I wanted to choose random people who hadn’t yet expressed an opinion and contact them out of the blue. So starting with some contacts I had from PKU (none of whom were employees, Communist Youth League members or anyone with a vested interest or political axe to grind) I started making some calls and sending out queries to try and track down Xia’s students. The secondhand sources I muddled through were relating similar accounts that Xia was widely disliked. Eventually, I landed on four students who had actually taken his classes across several years.
I contacted them out of the blue and separately from one another. Had they started listing the exact same bullet points and buzzwords, I would have been suspicious. However, that wasn’t the case. They all had their own complaints, but there were some consistent themes: that Xia was boastful, dogmatic and preachy in his political beliefs (which he argued incoherently), that he was awful at teaching the subject matter, and that he would spend huge tracts of class time on completely irrelevant topics.
As I was wrapping up the story, PKU came out with a statement (here’s a later English translation) which more-or-less seemed in line with what the students had already told me (in terms of the specific complaints; nobody’s quite sure what’s up with the procedures used to oust Xia).
Had I found a single student that said a positive (or even neutral) word, I would have quoted them in a heartbeat. Unfortunately, I didn’t find this, and I wasn’t about to “balance” out the students I’d methodically sought out in order to avoid bias by quoting an unverifiable and easily manipulated source found through far less methodical means.
I don’t doubt Xia has fans out there though. I can’t think of anyone in history who’s had a 100 percent disapproval rating. But since I didn’t find any of them, I decided I would still present the segment of the student population that felt their voices were being ignored (a segment that seemed pretty large) and then give plenty of room for Xia to respond (but it seems a lot of people missed the half of the article where I laid out Xia’s side of the story).
In the end, I was only able to convince one of the students to use her (English) name in the article. This is something I wrestled with. No journalist likes to use anonymous sources – especially in a situation where they’re criticizing someone else. But having interviewed scores of Chinese students before, I knew that – even on completely benign stories – insistence on anonymity isn’t unusual. Whereas in the West, people are instinctively excited by the prospect of seeing their name in the paper, in China it’s often the opposite – especially among educated people who are well-aware of the country they’re living in (Helen Gao recently did a great piece exploring this). I considered myself lucky that the students even proceeded to talk to me when I said I was a reporter.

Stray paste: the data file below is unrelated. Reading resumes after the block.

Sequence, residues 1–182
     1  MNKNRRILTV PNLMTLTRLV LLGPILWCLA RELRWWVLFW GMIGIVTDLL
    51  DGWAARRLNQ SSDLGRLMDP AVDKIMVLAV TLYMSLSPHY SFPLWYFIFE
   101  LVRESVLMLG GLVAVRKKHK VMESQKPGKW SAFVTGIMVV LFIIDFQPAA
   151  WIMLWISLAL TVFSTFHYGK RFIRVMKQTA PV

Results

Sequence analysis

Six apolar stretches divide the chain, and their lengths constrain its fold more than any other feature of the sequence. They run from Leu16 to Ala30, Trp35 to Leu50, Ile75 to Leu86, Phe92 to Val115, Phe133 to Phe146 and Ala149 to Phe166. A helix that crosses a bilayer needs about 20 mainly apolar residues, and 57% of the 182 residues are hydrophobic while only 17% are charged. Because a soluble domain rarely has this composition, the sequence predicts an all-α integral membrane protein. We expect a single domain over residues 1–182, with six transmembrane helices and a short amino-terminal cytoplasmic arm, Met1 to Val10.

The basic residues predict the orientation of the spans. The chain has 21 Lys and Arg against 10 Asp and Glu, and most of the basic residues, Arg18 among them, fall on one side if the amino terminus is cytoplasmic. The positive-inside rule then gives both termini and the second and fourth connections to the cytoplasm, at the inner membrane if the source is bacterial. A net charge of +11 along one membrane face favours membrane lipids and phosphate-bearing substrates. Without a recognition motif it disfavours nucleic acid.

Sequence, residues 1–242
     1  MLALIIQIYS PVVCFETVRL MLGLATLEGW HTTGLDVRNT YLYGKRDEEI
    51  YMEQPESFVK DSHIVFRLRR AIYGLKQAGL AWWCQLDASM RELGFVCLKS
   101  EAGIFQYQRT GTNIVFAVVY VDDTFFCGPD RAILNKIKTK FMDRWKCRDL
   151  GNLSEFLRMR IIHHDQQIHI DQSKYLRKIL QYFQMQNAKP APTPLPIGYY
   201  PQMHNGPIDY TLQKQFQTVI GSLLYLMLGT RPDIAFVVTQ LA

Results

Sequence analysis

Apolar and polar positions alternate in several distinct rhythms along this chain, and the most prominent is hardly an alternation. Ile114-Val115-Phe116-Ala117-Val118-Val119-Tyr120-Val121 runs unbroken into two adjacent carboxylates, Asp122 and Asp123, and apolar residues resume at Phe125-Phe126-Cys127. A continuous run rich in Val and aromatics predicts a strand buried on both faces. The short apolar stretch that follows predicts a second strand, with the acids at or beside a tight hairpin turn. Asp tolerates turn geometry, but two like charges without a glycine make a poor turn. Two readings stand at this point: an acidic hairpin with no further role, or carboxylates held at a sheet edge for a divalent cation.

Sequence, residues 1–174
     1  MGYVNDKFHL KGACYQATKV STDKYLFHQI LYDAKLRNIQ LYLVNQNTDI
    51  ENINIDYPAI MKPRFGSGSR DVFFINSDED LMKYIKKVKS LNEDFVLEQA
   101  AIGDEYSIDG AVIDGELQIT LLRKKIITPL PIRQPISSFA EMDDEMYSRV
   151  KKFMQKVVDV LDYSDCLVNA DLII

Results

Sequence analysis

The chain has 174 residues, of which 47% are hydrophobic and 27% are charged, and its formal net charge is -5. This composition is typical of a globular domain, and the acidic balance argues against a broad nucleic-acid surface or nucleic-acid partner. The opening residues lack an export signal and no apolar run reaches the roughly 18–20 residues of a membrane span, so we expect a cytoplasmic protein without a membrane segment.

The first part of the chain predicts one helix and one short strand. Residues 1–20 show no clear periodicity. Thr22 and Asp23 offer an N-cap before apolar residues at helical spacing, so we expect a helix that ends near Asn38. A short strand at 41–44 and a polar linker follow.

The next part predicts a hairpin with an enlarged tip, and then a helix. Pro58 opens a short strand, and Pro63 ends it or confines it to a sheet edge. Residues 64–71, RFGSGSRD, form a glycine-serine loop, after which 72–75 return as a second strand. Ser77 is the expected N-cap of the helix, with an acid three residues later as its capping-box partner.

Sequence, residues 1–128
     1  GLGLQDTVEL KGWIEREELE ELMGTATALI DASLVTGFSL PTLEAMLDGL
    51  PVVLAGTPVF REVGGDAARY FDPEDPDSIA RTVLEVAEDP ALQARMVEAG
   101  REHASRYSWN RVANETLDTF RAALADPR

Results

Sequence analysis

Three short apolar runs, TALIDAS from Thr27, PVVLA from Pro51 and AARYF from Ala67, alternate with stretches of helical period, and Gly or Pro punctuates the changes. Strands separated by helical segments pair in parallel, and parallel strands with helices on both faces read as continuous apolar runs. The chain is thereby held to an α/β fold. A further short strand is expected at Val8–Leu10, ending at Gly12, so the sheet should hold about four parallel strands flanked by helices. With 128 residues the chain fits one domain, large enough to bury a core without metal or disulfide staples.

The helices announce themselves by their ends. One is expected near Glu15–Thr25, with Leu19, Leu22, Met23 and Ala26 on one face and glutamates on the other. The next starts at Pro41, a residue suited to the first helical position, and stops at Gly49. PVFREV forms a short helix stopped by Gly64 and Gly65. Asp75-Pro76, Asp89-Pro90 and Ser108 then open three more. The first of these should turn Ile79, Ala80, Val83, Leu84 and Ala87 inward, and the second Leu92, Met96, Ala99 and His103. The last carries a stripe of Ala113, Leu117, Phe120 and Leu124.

This case was extremely politically charged, but the students were more worried about being indicted by the greater public outside of PKU, which was firmly in Xia’s favor. They worried about being labeled wumaodang “50-centers” or CCP-stooges (labels I’ve unsurprisingly been given several times since). So I weighed the gravity of the case, the students’ reasons for wanting anonymity, Xia’s stature as a public figure and the fact that numerous people independently told me similar things. After weighing these things, I decided the story was much better off being told than shelved.
Some have dismissed what I found, saying it was “just a handful of students” and can’t be representative. I agree that it’s not at all on par with a comprehensive scientific survey, but I don’t think it’s negligible either. When two people corroborate the same things, maybe it’s a coincidence; three, a big coincidence. But when you have four people contacted randomly and separately without forewarning corroborating the same things, then that’s enough to make me comfortable that they represent a fairly sizeable group.